The Thought (Out Loud) Process
So, you’ve finally decided to submit some content for Thought Out Loud! And who can blame you? Everyone wants to be a part of what’s been described as “the perverted love-child of Chatelaine, The Reader’s Digest, some of the better issues of Archie and Joyce’s Ulysses and Finnegan’s Wake.”* Unsolicited material is accepted but not preferred on Thought Out Loud. But quality writing is a must.
Before you attach your article to an email and click send the TOL editors your best and brightest diatribe, read this document carefully. You’re pitching to an online magazine and not your mom’s blog, and we have a well-established and thorough process. The site is all about discussion, sharing ideas, and working through thoughts, out loud. The editing process reflects that.
Don’t just submit your article and blindside us, like in that movie with Sandra Bullock (Speed 2?). We want to have a conversation before you start writing. Shoot an editor a short email with your basic concept and the name of the section you think the piece fits in. We’ll get back to you quickly with a “sounds great,” a “totally not interested,” or a “you’re going to have to explain that and sell me.” Queries should be short and to the point.
Direct your queries to firstname.lastname@example.org, and give us a few days to respond. But we’ll always respond.
When you’ve heard back from us and know we are interested: write. Well, hold on. Read the Style Guide (which is being updated, as of 27 February, 2012, but the link to which is usually right here) so you know how TOL writes dates and currencies and so you see the basic format for each section. Then write: write your best and most beautiful prose, make yourself clear, don’t be sexist, racist or homophobic, and most importantly: think.
Save your file according to the following format:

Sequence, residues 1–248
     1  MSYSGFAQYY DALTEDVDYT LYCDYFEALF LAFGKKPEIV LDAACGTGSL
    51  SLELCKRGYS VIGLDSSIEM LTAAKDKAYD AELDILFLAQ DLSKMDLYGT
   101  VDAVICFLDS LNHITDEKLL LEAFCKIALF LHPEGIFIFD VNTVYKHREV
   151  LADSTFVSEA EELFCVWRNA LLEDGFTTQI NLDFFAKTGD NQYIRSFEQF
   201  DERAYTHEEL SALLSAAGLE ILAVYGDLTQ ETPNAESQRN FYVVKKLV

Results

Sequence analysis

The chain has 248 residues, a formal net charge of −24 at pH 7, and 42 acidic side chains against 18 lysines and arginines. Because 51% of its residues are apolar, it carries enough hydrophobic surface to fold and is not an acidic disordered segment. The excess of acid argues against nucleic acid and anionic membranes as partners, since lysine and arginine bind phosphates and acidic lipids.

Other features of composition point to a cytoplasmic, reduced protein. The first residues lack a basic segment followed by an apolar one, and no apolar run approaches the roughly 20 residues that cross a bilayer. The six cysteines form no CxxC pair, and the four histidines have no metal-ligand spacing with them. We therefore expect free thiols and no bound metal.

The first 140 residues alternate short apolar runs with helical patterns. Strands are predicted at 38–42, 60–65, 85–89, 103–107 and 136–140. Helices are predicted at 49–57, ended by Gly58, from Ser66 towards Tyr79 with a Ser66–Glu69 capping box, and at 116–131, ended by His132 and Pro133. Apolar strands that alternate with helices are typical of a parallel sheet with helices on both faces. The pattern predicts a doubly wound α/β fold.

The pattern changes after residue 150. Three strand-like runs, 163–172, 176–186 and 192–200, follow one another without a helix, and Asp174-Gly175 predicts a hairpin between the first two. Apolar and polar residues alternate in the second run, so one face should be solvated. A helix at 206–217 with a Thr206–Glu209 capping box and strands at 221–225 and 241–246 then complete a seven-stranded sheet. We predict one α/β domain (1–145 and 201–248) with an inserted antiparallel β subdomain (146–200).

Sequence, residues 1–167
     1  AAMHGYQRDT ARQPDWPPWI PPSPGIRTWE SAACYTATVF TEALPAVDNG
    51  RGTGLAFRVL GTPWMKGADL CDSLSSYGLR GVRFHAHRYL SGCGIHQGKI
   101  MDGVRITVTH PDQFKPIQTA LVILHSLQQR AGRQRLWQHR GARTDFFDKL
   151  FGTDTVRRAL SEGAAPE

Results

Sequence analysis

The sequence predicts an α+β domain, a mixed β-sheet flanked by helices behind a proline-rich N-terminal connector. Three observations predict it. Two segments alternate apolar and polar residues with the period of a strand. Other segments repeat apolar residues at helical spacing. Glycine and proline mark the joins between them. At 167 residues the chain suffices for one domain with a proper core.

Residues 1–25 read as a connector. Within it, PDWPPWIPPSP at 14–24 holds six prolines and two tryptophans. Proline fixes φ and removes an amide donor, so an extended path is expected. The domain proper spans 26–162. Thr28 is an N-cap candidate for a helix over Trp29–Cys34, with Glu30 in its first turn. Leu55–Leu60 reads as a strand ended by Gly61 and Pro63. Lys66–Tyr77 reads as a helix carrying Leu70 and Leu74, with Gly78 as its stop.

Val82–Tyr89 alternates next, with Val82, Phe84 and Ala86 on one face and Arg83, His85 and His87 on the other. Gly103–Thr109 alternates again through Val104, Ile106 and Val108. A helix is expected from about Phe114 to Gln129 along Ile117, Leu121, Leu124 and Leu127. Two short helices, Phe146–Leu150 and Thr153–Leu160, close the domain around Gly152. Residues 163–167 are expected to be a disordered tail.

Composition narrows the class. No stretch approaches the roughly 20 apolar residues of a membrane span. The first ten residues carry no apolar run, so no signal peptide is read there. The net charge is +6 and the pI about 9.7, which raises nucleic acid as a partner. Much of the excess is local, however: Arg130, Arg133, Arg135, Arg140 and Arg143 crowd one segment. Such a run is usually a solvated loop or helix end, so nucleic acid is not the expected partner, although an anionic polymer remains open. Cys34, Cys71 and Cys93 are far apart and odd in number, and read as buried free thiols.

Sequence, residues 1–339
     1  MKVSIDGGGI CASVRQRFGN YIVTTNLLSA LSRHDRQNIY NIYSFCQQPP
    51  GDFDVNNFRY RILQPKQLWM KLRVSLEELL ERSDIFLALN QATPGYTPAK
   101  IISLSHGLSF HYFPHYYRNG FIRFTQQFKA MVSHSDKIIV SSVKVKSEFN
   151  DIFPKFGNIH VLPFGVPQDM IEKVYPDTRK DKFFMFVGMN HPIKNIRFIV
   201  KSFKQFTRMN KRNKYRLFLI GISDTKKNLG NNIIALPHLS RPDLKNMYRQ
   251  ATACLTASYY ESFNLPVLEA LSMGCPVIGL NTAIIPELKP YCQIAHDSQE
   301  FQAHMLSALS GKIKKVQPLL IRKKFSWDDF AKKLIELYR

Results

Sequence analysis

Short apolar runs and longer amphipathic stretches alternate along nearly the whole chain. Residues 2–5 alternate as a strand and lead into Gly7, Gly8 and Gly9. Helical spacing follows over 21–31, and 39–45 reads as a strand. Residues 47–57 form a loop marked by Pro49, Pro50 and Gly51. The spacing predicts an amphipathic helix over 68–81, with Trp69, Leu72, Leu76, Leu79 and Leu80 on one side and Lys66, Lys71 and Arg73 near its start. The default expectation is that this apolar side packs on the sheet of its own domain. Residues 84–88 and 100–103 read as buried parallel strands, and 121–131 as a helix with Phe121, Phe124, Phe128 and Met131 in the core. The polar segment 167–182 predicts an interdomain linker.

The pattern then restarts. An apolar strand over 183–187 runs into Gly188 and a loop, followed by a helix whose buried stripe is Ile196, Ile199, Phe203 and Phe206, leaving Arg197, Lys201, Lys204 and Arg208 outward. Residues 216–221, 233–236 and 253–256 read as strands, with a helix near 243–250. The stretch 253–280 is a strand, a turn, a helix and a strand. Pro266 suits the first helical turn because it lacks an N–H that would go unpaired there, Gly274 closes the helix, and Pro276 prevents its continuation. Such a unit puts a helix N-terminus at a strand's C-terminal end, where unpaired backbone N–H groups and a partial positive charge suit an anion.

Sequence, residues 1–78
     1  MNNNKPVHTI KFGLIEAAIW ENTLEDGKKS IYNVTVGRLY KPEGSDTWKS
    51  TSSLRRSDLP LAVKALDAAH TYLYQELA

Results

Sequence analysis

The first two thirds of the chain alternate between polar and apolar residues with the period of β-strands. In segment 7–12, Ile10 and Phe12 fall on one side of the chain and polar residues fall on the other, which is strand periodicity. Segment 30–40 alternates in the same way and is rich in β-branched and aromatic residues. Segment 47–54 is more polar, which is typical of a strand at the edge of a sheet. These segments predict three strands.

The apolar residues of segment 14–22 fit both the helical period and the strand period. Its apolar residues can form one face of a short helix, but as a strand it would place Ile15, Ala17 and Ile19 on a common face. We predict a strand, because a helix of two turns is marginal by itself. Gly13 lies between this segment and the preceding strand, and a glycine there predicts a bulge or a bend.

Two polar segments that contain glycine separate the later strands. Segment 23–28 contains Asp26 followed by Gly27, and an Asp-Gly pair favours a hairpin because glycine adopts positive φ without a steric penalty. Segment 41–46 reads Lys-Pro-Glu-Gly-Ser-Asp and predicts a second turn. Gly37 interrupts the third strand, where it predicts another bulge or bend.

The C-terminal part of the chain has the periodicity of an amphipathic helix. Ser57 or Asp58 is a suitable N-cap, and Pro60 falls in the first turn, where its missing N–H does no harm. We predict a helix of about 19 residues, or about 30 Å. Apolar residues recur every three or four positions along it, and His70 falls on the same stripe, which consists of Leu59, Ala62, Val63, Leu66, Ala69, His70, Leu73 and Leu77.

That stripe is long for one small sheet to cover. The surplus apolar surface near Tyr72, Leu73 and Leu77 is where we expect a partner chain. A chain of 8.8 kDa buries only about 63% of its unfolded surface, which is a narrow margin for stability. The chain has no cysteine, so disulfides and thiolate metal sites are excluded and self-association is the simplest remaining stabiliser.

SECTION NAME_Your last name_ Article title_draft number.doc or docx.
Files should look like this:
ARTS AND CULTURE_Mullin_Ace of Base discography_Draft one.doc.
As we edit and revise stores, file names get longer with the initials of your editor and you. This helps us keep track of drafts and compare versions of the stories. Files will not be read until they comply with this naming system.
Seriously, people. Those typos and sentences that end abruptly don’t inspire a lot of confidence in your editors. Articles that are evidently un-proofread will come straight back to you or may be rejected outright, so make sure you’ve read through your piece a few times.
Email your article to the appropriate editor. Easy.
The editor will take a couple of days to read the piece and make preliminary edits. If the piece is in near-perfect shape, expect a reply to that end. We don’t ask you to sign off on pieces, and if there are no problems the piece goes into our “ready to publish” file and you are done.
As is more often the case, your editor will have some questions for you and ask for clarifications, especially with longer pieces. Or, your editor will have made substantial changes and ask you to re-read the piece and work on it a bit more. We use the “Track Changes” feature in Word to make comments and show you what we’ve changed. If you don’t have Word, let us know and we’ll make comments in a separate file (or different way) so you can see the process.
The piece comes back to you renamed slightly, as in: ARTS AND CULTURE_Mullin_Ace of Base Discography_Draft One_DG.doc, where “DG” stands for the initials of the editor.
Address the concerns. That’s all we ask. We want the content to be sharp, accurate, and smoothly written. Writers with a bit of experience will be familiar with this process: write, edit, rewrite, resubmit. That’s part of the game. Get the piece up to snuff and send it back to your editor, renaming the file accordingly: ARTS AND CULTURE_Mullin_Ace of Base Discography_Draft Two.doc”.
If further rewrites are necessary, this process repeats.
Wait some more
Your story then goes to a second editor for a second set of eyes. In most cases, this is for a final grammar and flow check, and major issues won’t come up. But if a major issue does come up, expect further rewrite requests, otherwise…
You’re published! When we update the site with your piece, we’ll send you an email or Facebook message telling you, and then you can tell your grandmother.
A quick note on deadlines
Thought Out Loud publishes a couple of times a week. Articles must be through the above process by the day before publication to be considered. You can’t send something in on Saturday morning and expect it to be online Monday. Your editor will give you specific deadlines after the pitch.
Intellectual property and all that
Listen, now. We don’t want to have to bring this up, but while we’re on the topic of all-things-that-make-you-a-contributor, let’s talk legal mumbo jumbo. Thought Out Loud retains your story as its intellectual property. Unless we don’t use it of course, and then it’s yours. Once you write for us and see our Contributors’ Agreement, you’ll understand more about that. Hell, we’ll even talk about, maybe even over the phone, like real people.